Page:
Texas House pushes new measure to thwart gay marriage

Rep. Cecil Bell wants Texas to “challenge” the Supreme Court.
Rep. Cecil Bell wants Texas to “challenge” the Supreme Court. AP

Racing both a U.S. Supreme Court decision on gay marriage and legislative deadlines, Texas Republicans pushed ahead Tuesday toward putting the state at the forefront of resistance if same-sex weddings are ruled constitutional.

Nearly every Republican in the Texas House is backing a measure that would prohibit state and local officials from issuing marriage licenses to same-sex couples. Less than three weeks remain in Republican Gov. Greg Abbott’s first session, and the bill must clear the House by midnight Thursday to advance.

If signed by Abbott, the bill would aim to defy the Supreme Court if it legalizes gay marriage, laying the groundwork for Texas to potentially raise new legal battles over its ability to regulate marriage licenses.

“It would certainly put the state in a position to challenge,” said Republican state Rep. Cecil Bell, who filed the bill shortly after a Texas judge allowed a lesbian couple to wed despite a statewide ban on gay marriage.

The measure would prohibit state and local officials from using taxpayer dollars “to issue, enforce, or recognize a marriage license … for a union other than a union between one man and one woman.”

Bell, from the outskirts of Houston, said the bill “simply preserves state sovereignty over marriage.”

The Alabama Supreme Court earlier this year already prohibited county officials in that state from issuing marriage licenses to same-sex couples. Lawmakers in South Carolina are also pushing a bill similar to what was filed in Texas, according to the Human Rights Campaign, which tracks gay rights issues.

Abbott didn’t give hot-button social issues legislative priority after taking office in January.

But with the Texas Legislature now close to adjourning, Republicans have accelerated legislation that gay rights activists consider hostile. This week began with the Senate giving approval for clergy members to refuse to perform marriages that violate their religious beliefs.

That bill was filed on the same day last month that the Supreme Court heard arguments in the landmark gay marriage case — and long after a Senate deadline for new legislation.

It’s not as divisive as religious objection measures in Indiana and Arkansas that set off intense blowback earlier this year. Texas gay rights activists say they can live with the clergy bill – which they consider redundant — but the restrictions over marriage license have them on edge.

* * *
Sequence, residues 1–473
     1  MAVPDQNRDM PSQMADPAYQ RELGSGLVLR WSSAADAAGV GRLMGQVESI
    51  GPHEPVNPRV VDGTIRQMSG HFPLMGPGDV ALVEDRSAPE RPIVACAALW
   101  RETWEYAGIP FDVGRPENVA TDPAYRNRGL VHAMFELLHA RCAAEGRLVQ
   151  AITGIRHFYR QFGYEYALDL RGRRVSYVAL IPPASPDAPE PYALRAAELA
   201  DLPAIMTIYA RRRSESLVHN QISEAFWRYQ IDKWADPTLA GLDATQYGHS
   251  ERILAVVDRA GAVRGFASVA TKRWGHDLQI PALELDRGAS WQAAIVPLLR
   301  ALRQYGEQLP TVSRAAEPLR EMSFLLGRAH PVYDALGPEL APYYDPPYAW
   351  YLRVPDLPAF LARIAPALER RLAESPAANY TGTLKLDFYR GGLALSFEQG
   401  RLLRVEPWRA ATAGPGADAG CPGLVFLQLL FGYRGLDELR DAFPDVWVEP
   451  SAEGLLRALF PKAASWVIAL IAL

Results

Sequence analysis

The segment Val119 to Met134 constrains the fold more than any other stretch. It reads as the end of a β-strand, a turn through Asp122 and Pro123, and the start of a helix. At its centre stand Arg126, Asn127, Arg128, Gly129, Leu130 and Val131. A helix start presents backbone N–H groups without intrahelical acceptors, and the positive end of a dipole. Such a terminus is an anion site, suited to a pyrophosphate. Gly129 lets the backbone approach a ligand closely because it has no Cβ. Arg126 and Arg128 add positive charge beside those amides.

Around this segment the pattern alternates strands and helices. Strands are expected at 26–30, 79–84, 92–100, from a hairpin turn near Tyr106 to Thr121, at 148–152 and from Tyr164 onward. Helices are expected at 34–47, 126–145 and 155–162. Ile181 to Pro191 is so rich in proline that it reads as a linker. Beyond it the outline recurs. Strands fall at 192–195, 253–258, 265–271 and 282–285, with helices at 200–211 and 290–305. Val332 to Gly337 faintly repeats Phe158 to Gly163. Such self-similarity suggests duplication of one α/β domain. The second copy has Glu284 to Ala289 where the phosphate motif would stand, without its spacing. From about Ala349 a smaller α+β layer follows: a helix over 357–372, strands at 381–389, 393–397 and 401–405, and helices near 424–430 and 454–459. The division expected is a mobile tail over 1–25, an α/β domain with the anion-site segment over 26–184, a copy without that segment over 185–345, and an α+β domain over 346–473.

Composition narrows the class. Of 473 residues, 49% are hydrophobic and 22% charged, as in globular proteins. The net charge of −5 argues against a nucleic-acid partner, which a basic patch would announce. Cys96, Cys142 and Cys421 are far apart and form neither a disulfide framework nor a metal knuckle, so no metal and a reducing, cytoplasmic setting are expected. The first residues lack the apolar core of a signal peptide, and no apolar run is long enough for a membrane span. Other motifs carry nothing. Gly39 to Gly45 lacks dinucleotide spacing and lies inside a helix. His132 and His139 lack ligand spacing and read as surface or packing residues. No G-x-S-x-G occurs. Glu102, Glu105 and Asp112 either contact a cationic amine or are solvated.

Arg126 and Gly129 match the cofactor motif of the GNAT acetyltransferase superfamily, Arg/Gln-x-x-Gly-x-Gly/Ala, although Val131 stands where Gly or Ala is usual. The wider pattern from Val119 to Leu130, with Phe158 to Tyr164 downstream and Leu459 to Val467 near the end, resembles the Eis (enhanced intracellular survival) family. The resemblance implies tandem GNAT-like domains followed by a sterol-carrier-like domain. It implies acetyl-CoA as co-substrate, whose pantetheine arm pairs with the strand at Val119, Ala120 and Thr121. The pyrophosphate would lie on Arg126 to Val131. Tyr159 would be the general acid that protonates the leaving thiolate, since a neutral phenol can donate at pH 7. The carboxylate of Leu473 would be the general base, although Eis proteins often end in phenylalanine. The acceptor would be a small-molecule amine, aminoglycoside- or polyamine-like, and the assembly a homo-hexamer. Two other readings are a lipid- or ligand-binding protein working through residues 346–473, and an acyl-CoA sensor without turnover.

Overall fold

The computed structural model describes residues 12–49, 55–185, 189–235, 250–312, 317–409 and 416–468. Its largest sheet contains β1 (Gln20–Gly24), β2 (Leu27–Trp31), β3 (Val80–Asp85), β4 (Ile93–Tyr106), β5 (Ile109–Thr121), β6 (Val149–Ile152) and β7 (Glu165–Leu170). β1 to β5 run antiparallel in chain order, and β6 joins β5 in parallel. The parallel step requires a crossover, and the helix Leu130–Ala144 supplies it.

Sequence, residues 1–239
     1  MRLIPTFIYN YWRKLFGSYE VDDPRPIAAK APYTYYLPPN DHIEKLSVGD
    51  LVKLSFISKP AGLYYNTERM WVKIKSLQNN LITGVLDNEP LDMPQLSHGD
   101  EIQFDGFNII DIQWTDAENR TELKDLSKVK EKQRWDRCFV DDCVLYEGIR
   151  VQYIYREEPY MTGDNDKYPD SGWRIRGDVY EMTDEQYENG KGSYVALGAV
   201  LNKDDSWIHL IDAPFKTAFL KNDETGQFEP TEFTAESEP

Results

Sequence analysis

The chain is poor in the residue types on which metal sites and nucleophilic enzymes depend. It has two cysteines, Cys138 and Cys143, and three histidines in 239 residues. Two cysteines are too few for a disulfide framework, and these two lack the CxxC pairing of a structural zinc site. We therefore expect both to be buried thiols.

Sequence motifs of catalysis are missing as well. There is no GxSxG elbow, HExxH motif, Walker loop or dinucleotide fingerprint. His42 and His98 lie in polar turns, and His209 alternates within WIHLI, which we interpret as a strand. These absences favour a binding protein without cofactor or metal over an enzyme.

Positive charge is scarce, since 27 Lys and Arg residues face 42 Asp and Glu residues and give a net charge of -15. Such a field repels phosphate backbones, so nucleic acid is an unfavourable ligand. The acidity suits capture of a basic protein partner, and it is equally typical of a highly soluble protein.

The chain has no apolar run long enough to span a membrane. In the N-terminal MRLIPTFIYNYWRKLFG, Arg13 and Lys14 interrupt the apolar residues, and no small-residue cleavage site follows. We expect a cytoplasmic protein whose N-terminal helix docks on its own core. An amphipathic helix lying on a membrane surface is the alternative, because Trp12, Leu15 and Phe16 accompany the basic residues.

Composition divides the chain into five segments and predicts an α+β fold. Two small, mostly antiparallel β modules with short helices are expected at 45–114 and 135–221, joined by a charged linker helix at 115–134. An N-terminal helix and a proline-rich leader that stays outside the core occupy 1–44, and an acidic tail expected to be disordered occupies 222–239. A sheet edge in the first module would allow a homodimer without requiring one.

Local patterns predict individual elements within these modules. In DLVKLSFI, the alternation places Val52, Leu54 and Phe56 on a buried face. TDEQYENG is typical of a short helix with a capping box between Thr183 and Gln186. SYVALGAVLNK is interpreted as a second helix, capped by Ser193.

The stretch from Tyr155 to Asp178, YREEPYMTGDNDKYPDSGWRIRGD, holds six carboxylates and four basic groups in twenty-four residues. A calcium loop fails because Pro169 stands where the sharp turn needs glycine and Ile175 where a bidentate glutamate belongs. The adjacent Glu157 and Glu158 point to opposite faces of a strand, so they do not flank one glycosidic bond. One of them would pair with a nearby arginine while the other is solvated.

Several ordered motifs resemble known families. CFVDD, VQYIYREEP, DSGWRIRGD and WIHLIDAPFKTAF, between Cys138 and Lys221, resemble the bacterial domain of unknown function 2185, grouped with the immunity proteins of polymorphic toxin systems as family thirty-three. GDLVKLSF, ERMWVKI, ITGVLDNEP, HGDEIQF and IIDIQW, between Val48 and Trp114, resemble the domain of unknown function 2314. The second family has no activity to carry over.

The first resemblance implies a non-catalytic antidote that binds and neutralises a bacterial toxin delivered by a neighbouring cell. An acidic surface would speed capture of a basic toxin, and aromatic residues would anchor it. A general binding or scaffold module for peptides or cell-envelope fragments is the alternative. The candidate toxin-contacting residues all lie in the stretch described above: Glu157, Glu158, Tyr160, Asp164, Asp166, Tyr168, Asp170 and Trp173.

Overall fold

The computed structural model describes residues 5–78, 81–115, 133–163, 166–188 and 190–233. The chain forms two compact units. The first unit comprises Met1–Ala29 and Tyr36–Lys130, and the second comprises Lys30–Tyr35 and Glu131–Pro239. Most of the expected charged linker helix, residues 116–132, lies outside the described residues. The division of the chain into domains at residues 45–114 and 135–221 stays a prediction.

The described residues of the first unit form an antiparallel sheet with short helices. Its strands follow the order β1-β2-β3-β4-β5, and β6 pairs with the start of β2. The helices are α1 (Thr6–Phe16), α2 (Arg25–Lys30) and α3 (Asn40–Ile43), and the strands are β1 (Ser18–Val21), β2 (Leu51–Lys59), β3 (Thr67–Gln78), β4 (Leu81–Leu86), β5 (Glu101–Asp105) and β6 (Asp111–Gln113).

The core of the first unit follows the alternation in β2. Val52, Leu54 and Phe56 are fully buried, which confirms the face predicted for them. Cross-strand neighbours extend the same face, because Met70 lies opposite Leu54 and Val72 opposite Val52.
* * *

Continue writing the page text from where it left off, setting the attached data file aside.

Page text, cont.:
Foes: ‘It’s shocking’

“It’s shocking that Texas lawmakers are pursuing a path that would set up this showdown,” said Rebecca Robertson, the legal and policy director for the ACLU of Texas.

That Bell’s bill already has so much support in the Texas House — which is more moderate, at least by the standards of Texas politics — signals that the Senate would also favorably greet the measure. The session ends June 1.

Some legal experts question the success Texas would have raising challenges over state sovereignty, saying those arguments have already been made to the Supreme Court in the current case.

“Any kind of appeal or challenge the state would bring would bring a fairly summary rejection by the Supreme Court,” said Carl Tobias, a law professor at the University of Richmond. “I don’t know what purpose it serves.”

Gay marriage is now legal in 37 states and the District, and support for it is rising. Nationally, a record 6 in 10 people said they supported same-sex marriage in a Washington Post-ABC News poll conducted last month.

Even in Texas, opposition to gay marriage is dwindling. Polling conducted by the Public Religion Research Institute in 2014 shows that nearly half of Texans, 48 percent, support same-sex marriage, and 43 percent oppose it.

Backlash brewing

In a teleconference with reporters, critics of the Texas measure predicted that it would provoke a backlash like those that roiled Indiana and Arkansas this year, after those states attempted to enact religious protections that were viewed as anti-gay. They fear that a victory in Texas could prod other states to copy the approach.

That could lead to a standoff much like the conflict that arose in the 1950s over school desegregation, gay rights advocates said. That battle eventually ended in the capitulation of resistant Southern states – but only after years of litigation slowed the advance of civil rights.

“Texas is pioneering a new strategy to prevent equality for its LGBT residents, to ignore the U.S. Supreme Court and even roll back gains that have been made in the state,” said Chuck Smith, president of Equality Texas, a gay rights group.

The debate also comes on the heels of action Tuesday in the Texas Senate giving final approval the so-called Pastor Protection Act, which would ensure that clergy members have the right to refuse to marry same-sex couples.

The House has yet to act on that legislation.

Staff writer John Gravois contributed to this report, which includes material from The Washington Post.

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